9) Command dial
Used to dial in settings (aperture, shutter speed, ISO, white balance) for the manual shoot mode.
C) FRAMING & INFORMATION
This is where we look through to frame the shot. Traditionally, the viewfinder is optical (meaning, we are looking through a piece of glass). But as technology is progressing, the viewfinder is slowly getting replaced by electronic viewfinders (meaning, we are looking at an electronic LCD screen instead).
Also depending on the brand and type of camera, one may be able to change the “viewfinder attachment” – Some cameras have an eyecup for the viewfinder so we can see better in bright sunlight, while a few others have an impressive “submarine periscope” for us to shoot at awkward angles.
11) LCD/LED screen
This is where we access the camera’s main menu and do our magic stuff.
12) Information panel
Displays the current settings and critical information, without having to access the main menu. Some of the beginners may be confused as to why this information panel is necessary – The LCD screen actually drains quite a lot of power, and as you might already know, have difficulty under bright sunlight.
The information panel, on the other hand, runs on the good old “calculator LCD” technology. We can leave this on for ages, and it hardly even drains the battery. No problems with using it under the sun too.
13) Hot shoe
This is where we mount an external flash or an external microphone. Not all cameras have a hot shoe, and just like lenses, hot shoes are not really universal. Nikon, Canon, Pentax, and Fuji adopt the international standard, but they all have their own customizations.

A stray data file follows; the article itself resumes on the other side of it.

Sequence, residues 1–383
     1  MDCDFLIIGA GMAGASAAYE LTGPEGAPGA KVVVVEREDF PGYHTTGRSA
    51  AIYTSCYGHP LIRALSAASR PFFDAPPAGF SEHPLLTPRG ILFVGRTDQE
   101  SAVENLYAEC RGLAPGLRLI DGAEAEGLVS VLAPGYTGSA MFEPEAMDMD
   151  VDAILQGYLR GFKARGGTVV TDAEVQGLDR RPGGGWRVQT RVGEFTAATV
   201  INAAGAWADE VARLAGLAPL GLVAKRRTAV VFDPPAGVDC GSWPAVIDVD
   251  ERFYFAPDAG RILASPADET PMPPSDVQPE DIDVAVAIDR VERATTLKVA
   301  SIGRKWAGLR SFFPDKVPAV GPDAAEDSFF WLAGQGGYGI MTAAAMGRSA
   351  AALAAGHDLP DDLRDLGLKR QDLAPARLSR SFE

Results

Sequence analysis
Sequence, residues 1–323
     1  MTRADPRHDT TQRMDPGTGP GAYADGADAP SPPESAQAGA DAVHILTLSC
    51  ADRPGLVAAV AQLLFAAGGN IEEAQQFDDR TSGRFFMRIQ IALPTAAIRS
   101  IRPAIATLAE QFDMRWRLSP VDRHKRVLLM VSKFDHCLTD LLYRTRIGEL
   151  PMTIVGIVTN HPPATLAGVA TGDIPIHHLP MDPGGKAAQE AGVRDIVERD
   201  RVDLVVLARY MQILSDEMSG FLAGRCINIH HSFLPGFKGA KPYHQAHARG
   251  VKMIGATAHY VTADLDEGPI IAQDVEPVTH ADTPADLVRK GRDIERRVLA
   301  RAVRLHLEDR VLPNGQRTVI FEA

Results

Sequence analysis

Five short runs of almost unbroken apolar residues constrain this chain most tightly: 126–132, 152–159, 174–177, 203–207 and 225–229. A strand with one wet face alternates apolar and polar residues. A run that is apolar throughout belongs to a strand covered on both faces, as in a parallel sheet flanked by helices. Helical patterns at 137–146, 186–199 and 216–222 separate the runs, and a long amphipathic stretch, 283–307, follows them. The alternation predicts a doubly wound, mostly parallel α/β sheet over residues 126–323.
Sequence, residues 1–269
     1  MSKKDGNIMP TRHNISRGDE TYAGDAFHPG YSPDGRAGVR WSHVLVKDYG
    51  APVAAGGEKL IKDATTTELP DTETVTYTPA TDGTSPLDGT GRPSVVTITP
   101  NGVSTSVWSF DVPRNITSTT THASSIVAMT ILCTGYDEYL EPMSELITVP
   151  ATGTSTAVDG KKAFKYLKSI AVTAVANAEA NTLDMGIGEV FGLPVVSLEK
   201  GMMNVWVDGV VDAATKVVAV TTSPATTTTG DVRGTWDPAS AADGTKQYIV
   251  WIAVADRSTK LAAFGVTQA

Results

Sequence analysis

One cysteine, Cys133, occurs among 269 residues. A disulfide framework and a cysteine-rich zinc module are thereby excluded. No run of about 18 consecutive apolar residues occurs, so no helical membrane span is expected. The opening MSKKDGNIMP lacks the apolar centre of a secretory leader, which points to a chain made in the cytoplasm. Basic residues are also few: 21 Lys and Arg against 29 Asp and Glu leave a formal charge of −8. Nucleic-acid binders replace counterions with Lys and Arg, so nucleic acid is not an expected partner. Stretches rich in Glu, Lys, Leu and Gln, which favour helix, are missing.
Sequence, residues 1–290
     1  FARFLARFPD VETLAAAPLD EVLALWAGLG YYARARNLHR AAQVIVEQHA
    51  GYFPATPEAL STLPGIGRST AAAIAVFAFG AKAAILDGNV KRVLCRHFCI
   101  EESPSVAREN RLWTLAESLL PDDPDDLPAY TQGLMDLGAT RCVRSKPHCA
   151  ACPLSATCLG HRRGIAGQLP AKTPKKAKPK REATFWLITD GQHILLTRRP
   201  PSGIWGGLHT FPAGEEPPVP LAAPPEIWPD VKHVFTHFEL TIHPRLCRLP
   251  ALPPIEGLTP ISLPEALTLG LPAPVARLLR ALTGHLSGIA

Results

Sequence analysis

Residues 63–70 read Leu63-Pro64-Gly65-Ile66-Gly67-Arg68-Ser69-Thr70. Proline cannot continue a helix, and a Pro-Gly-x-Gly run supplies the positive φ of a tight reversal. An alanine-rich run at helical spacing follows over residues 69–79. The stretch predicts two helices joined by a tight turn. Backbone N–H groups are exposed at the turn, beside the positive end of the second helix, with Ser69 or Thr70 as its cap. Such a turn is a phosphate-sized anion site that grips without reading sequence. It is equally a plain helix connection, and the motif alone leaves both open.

We may be able to mount different brand flash units, but some functions may not work properly. Lastly, Sony is the odd one out that totally uses its own proprietary technology. So good luck, Sony users.
14) Focus assist light
A tiny LED light that is built into the camera. This light is not used to actually take the photo, but to help the camera auto-focus to work better in the dark. Only some cameras have a focus assist light.
15) Popup Flash
Or sometimes called a built-in flash. This tiny flash is convenient to have but often frowned upon by professionals for not being very useful. Hint – Go get yourself a better flash unit, this tiny popup flash sometimes do more harm than good.
16) Tripod Socket
This is where we mount a tripod base plate. Most standard photography equipment screw thread size is either 1/4-20 (1/4 inch, 20 threads per inch) or 3/8-16 (3/8 inch, 16 threads per inch).
17) Bottom Terminal
If a camera has this terminal, it will allow us to attach an optional vertical grip to the camera. These are basically just some connector pins, and yes, they are not universal. It differs from brand-to-brand, camera-to-camera again.
18) Microphone Jack
This is normally a standard 3.5mm audio jack, and where we attach a microphone for taking videos. Sadly, most compact cameras don’t seem to have this.